Acts 9:22 But Saul grew stronger and kept the Jews in uproar who resided in Damascus by proving that Jesus is the Messiah.
Acts 9:23 After many days had passed, the Jews conspired to take him out,
Acts 9:24 but Saul learned of their plot. So they were watching the gates day and night intending to take him out,
Acts 9:25 but his disciples took him by night and lowered him in a large basket through an opening in the wall.
Acts 9:26 When he arrived in Jerusalem, he tried to stick with the disciples, but they were all afraid of him, since they did not believe he was a disciple.
Acts 9:27 Barnabas, however, took him and brought him to the missionaries and explained to them how Saul had seen the Lord on the road and that the Lord had talked to him, and how in Damascus he had spoken openly in the name of Jesus.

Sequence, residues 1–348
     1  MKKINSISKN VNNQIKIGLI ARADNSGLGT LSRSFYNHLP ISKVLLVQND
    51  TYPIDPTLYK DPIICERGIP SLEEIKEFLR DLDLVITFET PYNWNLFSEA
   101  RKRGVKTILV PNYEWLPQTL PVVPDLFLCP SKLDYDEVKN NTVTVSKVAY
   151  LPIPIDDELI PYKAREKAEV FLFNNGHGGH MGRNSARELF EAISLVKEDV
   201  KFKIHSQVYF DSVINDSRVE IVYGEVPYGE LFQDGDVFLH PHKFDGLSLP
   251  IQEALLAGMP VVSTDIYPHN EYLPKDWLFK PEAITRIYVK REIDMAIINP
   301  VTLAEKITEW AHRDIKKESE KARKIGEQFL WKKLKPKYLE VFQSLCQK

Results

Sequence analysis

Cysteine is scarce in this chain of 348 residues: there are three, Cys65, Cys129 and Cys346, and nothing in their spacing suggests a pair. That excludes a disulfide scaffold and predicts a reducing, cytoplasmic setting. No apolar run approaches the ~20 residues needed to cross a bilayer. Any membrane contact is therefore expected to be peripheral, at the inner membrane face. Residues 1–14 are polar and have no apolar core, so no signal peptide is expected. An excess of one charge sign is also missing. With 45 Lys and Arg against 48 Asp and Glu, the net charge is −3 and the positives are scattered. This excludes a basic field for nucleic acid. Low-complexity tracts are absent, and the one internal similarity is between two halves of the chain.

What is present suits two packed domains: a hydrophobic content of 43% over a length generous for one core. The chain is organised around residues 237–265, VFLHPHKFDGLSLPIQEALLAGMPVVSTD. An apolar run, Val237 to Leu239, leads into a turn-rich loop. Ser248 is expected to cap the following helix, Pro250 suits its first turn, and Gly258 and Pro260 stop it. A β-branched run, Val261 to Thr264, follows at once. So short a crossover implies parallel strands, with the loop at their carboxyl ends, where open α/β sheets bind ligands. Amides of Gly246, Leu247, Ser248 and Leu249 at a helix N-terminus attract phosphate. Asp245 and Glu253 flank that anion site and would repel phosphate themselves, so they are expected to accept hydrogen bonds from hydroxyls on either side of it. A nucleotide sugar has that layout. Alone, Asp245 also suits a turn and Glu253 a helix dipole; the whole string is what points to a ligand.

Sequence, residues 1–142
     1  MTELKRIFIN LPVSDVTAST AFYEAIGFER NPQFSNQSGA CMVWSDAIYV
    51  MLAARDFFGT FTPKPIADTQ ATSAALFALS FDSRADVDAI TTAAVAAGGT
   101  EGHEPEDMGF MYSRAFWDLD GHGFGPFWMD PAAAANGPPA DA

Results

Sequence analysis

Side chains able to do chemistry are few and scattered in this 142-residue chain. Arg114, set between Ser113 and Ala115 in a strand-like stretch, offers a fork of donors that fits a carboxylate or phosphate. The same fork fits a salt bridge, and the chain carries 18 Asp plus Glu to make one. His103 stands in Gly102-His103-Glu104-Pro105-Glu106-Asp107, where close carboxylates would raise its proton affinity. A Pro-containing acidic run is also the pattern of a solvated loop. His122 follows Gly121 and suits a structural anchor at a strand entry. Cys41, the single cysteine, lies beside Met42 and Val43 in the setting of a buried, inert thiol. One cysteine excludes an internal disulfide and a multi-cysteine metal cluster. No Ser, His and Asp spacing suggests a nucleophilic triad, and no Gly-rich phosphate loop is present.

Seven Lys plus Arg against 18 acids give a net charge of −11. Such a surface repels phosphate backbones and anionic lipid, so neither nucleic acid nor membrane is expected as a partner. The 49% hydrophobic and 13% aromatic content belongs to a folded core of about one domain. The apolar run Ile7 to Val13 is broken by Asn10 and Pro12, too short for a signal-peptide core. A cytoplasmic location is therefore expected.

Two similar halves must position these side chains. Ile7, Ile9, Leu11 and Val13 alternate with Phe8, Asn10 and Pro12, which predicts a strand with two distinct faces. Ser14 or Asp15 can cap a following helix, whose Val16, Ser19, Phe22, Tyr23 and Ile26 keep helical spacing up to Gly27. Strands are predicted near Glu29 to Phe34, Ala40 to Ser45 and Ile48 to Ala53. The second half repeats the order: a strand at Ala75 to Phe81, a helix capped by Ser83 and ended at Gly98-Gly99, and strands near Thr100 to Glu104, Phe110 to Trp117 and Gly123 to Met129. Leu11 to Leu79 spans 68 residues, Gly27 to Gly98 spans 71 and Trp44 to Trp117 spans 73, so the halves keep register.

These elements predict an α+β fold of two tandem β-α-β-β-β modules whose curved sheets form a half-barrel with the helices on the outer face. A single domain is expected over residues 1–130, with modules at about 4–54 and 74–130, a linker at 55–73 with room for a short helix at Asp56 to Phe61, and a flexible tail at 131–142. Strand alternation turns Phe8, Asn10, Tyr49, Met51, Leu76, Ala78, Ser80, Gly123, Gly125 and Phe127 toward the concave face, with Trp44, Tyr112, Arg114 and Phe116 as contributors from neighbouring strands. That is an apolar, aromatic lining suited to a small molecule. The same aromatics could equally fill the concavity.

Acts 9:28 Saul was coming and going with them in Jerusalem, speaking openly in the name of the Lord.
Acts 9:29 He conversed and debated with the Hellenistic Jews, but they tried to take him out.
Acts 9:30 When the brothers found out, they brought him down to Caesarea and sent him off to Tarsus.
Acts 9:31 So the congregation throughout all Judea, Galilee, and Samaria had peace and was strengthened. Living in the fear of the Lord and encouraged by the Sacred Breath, it was being increased.

sent to strengthen

In just a few short verses, Saul travels from Damascus to Jerusalem to Caesarea to Tarsus. His missionary call would mean not settling in one area for a long time. In fact, it would take imprisonment for him to do that. He would also attract enemies wherever he went — part of what Jesus meant by “how much he must endure for my name” (9:16).